Books

Romantic vs. Romance

I mentioned in doing my overview of my writing career a couple of weeks ago that romance was the wrong path for me to go down as a writer because although I liked love stories, I didn’t actually like romance novels. I’ve mentioned this difference in the past, but it was long enough ago that I should probably address it again. I’m going to refer to the Romance genre using the capital R to distinguish it from the idea of romance/relationships/love stories.

Like most genres, there are certain expectations for Romance. For instance, in a mystery, the sleuth is expected to solve the case. There are two key elements that define a book as a Romance:

1) The love story is the main plot. Most of the conflict and character development comes through the relationship. One quick way to tell whether a book is some other genre with a romantic subplot or a Romance is to see what happens if you remove the romance/relationship/love story. Do you still have a story at all? For instance, there is a romantic relationship between Marian and Indy in Raiders of the Lost Ark, and they even end up together, but you could easily change their relationship from a romance to a friendship, reluctant partnership or family relationship without changing anything else about the story, so it’s not a Romance.

2) The romantic couple must end up together. This is key, and I think it’s very misunderstood by Romance detractors. A Romance is about an emotional journey. It’s not about the suspense of whether the couple will end up together. Having that assurance that they will both be alive at the end and happy together is what gives readers a safe space to drop their emotional guard and go on that journey. It’s basically the emotional literary version of a roller coaster. Most people wouldn’t enjoy a roller coaster that was actually dangerous, where there was a chance you really could plunge to your death. A roller coaster is fun (for those who are into that sort of thing) because it’s thrilling enough to allow you to feel like there’s a chance you’re taking a risk even though you know you’re perfectly safe. A Romance novel allows you to feel like your heart could be broken while being secure in the knowledge that it will all work out in the end and your heart won’t actually be broken. Without that assurance, your guard would be up and you might not let yourself feel all the feels. I think this is one reason I struggled so much with Romance and don’t enjoy it that much as a reader. I’m not in it for the feels. I tend to read for curiosity about what will happen, and I keep forgetting to write emotion into my stories, which means I don’t do well with plots that are about emotion. I’m also not a fan of roller coasters.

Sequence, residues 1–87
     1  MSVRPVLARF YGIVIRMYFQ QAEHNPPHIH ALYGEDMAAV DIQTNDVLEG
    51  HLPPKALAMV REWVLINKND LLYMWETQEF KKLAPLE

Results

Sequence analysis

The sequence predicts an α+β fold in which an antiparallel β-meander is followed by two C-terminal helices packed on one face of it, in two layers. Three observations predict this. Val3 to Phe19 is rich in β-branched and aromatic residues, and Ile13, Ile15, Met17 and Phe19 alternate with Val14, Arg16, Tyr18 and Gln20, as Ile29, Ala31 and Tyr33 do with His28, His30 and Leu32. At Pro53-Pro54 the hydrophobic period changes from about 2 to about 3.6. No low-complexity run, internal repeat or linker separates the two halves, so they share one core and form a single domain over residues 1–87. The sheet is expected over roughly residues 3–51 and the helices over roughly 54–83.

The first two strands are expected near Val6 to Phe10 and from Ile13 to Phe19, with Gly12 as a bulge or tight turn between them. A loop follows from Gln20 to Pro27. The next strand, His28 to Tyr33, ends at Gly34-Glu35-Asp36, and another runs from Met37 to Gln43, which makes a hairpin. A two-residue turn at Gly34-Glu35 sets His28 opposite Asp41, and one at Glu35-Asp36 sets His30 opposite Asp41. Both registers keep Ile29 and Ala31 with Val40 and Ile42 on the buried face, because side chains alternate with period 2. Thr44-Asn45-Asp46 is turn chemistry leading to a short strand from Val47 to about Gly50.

A lot of things that are commonly thought to be romantic are not Romance because they don’t meet this requirement — things like Casablanca, Gone with the Wind, Titanic, most of those “romance” books written by men that have sad or tragic endings, like The Bridges of Madison County.

Back when I first started attempting to write Romances, it was expected that the couple would be engaged at the end of the book. They had to make some kind of commitment for it to be considered a Happily Ever After (HEA). It’s a bit looser now, so the ending can be just that they’re together in a relationship — though often a book with that kind of ending where it’s way too early for an engagement will have an epilogue showing them in the future at their wedding or with their children, so you know they stuck it out. Or there are the series that follow a group of people, like a friend group, family, or small town, so that the couple from one book will be secondary characters in the next book and you’ll see them planning their wedding in the background while the main characters are having their own relationship.

Readers get very testy when this rule is broken, which is why authors of other kinds of books that get mislabeled as Romance get upset when their books are mislabeled. It’s not that they don’t want to be tarred with the brush of Romance but that they don’t want to deal with angry readers who are expecting something they’re not going to get. My Enchanted, Inc. series kept getting labeled and promoted as Paranormal Romance, and it wasn’t ever meant to be. It was fantasy with a romantic thread. I would get angry e-mails about any book that didn’t specifically end with them making a full commitment, and that promise was never even implied by me.